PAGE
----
Hexylcaine hydrochloride is also known as cyclaine and osmocaine. It is a short acting local anesthetic that acts through inhibition of sodium channels. Patients experience an overdose may present with headache, tinnitus, numbness and tingling around the mouth and tongue, convulsions, inability to breathe, and decreased heart function. Hexylcaine has been discontinued in the US market.



Used as a local anesthetic for surface application, infiltration or nerve block


Hexylcaine is a local ester-class anesthetic. Local anesthetics produce a transient block of nerve conduction by interfering with sodium channels. This effect of the anesthetic interferes with the development of an action potential across the nerve.

Mechanism of action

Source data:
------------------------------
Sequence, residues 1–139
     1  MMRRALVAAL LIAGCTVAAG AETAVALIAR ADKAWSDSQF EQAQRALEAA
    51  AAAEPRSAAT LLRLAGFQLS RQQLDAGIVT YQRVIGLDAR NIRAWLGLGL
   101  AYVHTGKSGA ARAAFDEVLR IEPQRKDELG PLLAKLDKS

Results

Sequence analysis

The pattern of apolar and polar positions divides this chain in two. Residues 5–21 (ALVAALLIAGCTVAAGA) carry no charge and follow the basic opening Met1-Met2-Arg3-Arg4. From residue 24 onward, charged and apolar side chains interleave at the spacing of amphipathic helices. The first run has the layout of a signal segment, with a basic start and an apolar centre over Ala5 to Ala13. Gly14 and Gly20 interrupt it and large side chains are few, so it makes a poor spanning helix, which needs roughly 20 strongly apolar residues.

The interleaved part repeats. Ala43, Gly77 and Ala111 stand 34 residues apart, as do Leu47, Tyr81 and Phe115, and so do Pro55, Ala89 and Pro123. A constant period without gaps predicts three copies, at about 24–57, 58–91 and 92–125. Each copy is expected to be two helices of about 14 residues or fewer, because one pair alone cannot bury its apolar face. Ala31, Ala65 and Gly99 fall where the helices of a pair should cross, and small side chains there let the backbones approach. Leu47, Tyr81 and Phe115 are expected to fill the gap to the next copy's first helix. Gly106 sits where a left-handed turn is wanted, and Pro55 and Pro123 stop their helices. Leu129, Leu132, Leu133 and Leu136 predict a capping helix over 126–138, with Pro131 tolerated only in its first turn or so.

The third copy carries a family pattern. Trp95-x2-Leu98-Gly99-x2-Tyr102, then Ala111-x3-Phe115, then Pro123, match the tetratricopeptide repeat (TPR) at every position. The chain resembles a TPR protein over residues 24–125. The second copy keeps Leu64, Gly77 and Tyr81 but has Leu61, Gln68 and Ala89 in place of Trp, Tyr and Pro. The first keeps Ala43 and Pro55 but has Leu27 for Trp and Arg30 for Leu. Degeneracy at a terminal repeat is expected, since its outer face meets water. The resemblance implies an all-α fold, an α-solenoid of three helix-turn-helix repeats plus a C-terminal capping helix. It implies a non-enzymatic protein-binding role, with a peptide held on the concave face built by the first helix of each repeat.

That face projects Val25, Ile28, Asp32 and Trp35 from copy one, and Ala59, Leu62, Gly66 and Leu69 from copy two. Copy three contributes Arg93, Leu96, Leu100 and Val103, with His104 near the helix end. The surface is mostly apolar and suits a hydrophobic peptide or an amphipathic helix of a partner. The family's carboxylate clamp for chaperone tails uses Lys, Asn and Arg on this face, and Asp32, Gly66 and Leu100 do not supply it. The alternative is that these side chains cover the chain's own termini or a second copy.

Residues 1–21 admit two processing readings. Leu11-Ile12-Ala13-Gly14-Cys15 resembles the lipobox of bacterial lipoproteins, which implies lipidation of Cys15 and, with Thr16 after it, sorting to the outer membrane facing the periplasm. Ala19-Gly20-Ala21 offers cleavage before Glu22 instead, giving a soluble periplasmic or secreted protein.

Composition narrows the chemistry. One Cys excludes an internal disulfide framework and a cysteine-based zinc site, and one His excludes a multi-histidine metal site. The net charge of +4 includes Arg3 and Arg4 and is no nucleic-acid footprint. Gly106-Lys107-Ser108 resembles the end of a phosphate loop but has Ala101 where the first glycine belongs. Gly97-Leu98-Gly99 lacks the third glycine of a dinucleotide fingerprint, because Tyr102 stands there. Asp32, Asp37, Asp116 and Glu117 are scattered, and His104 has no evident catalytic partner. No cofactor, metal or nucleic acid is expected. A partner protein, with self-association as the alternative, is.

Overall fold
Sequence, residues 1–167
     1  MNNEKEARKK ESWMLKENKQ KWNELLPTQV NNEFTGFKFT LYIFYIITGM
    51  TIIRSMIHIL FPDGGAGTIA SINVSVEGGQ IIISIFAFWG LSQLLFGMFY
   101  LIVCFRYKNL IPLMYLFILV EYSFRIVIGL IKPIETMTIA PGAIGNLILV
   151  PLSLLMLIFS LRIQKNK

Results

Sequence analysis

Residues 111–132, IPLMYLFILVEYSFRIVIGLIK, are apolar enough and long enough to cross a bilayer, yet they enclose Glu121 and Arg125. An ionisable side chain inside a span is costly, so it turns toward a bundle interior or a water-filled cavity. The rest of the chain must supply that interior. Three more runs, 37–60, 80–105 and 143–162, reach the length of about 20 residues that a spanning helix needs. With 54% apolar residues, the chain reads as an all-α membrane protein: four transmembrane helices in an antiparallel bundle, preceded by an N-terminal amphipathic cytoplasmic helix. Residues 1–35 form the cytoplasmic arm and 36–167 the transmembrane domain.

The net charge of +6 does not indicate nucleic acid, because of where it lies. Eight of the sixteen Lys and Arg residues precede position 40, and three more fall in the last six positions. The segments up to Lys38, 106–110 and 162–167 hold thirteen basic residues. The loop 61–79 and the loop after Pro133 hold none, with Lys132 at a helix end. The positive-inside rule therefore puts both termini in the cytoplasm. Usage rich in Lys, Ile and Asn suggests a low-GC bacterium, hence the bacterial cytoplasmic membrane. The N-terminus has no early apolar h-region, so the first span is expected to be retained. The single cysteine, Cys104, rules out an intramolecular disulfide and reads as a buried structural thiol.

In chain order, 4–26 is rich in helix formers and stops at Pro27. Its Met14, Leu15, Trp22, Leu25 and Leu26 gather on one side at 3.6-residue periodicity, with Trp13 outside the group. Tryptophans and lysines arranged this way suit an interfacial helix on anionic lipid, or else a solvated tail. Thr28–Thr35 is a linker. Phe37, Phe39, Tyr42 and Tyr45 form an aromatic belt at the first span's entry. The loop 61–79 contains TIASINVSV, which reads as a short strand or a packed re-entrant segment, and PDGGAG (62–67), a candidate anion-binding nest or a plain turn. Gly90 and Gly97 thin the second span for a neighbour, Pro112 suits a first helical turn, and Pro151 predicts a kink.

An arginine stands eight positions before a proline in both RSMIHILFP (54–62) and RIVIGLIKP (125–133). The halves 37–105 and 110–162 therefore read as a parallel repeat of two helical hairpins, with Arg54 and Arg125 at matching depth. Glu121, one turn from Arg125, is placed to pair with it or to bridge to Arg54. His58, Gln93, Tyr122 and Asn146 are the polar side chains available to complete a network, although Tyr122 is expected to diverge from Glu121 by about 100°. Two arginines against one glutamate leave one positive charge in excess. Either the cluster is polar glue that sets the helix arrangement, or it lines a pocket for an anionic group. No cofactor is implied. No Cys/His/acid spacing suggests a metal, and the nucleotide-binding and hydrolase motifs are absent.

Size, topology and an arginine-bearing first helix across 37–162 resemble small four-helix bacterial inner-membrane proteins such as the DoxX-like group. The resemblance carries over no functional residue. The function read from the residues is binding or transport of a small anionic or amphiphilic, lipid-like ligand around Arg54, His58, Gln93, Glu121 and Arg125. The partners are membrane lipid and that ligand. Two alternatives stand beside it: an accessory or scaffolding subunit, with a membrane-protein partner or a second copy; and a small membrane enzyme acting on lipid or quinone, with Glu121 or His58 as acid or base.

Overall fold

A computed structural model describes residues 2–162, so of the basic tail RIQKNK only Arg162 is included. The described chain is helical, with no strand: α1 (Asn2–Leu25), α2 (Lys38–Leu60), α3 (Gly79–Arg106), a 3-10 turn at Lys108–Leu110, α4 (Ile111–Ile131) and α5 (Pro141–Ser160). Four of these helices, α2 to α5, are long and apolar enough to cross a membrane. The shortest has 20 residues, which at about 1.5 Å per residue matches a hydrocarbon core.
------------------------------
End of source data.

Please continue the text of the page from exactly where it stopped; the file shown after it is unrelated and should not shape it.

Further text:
Hexyl caine acts mainly by inhibiting sodium influx through voltage gated sodium channels in the neuronal cell membrane of peripheral nerves. When the influx of sodium is interrupted, an action potential cannot arise and signal conduction is thus inhibited. The receptor site is thought to be located... Read more


Information currently not available.

Protein binding

Information currently not available.

Volume of distribution

Information currently not available.


Information currently not available.

Half life

Route of elimination

Information currently not available.


Symptoms of anesthetic overdose include headache, tinnitus, circumoral and tongue paresthesias, restlessness, talkativeness, facial twitching, convulsions, respiratory arrest, and cardiac depression

Adverse Effects


Information currently not available.

Food Interactions

    Information currently not available.


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  • Paracetamol(acetaminophen)
  • Paxil(paroxetine)
  • Pamelor(nortriptyline)
  • Panadol(acetaminophen)
  • Patanol(olopatadine ophthalmic)
  • Pataday(olopatadine ophthalmic)
  • Parnate(tranylcypromine)
  • Pazeo(olopatadine ophthalmic)